R: How does your work interact with the location?
V: My street work is really site specific. I had a bunch of sketches I’d prepared for India but then changed things up when I got there. I felt like it was really important to explore creating work that not only reflected my experience of being a woman but also to create something for the women of Kochi. Obviously there’s a connection between the women and the birds and ideas about freedom.
I also painted a lot of skeleton crows in the pieces. The local Kerala crow is everywhere. For instance the massive painting I made of a girl with neon bird wings who is perched on the wire with bird feet, that wall attracts so many crows at dusk, so when the real birds take off and land. It’s like they are coming out of the work on the wall & wire.
With artworks ranging from the charming to the alarming, Rewriting Portraiture, curated by Rhiannon Platt, features the diverse visions of Jilly Ballistic, Rachel Hays, Vahge & Vexta. Here are a few more images from the exhibit that opens tomorrow – Friday evening – at 7pm at Low Brow Artique, 143 Central Ave. in Bushwick:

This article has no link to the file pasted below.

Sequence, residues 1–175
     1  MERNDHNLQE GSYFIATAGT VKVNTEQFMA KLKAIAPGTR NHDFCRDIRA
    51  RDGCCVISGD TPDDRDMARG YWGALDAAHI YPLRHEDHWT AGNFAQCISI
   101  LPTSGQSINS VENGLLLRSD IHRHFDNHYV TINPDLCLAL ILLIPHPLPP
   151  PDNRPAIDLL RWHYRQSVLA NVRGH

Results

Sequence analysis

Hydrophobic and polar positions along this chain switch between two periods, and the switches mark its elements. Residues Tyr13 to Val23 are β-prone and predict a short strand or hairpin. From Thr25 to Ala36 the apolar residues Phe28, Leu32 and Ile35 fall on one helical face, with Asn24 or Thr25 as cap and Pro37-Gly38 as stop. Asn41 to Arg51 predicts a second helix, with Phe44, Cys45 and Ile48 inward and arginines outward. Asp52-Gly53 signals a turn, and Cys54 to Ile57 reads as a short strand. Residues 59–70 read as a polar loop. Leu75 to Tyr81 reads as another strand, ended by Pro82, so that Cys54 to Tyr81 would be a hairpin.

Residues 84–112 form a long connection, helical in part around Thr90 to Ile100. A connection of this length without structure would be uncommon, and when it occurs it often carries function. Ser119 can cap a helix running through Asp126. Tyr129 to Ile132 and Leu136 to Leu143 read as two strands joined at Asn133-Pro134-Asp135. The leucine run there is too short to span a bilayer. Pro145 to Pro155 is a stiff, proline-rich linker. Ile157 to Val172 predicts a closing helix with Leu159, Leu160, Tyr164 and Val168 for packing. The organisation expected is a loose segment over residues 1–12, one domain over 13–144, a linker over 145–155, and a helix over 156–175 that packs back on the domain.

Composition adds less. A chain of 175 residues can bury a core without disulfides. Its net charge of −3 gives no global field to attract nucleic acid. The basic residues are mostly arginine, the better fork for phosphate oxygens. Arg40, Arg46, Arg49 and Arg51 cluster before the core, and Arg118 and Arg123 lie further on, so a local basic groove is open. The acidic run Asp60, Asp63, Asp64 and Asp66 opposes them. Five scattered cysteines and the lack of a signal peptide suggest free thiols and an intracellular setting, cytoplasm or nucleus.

Lush also has a show opening in NYC this weekend. His will be a show of drawings at Klughaus Gallery. It opens on August 25th from 6-10pm. Lush’s show are practically a place to expect surprises, so best get their opening night before a blog like this one ruins the shock value for you on Sunday. If you do miss opening night, the show runs through September 7th.
aMBUSH Gallery in Sydney, Australia has a big group show coming up with 67 artists including Anthony Lister, Askew, Does, Numskull, Vexta and The Yok. For Black and White All In Between, all the artists have painted on canvases of uniform sized and only used black ink. The show opens on August 31st from 6-9pm.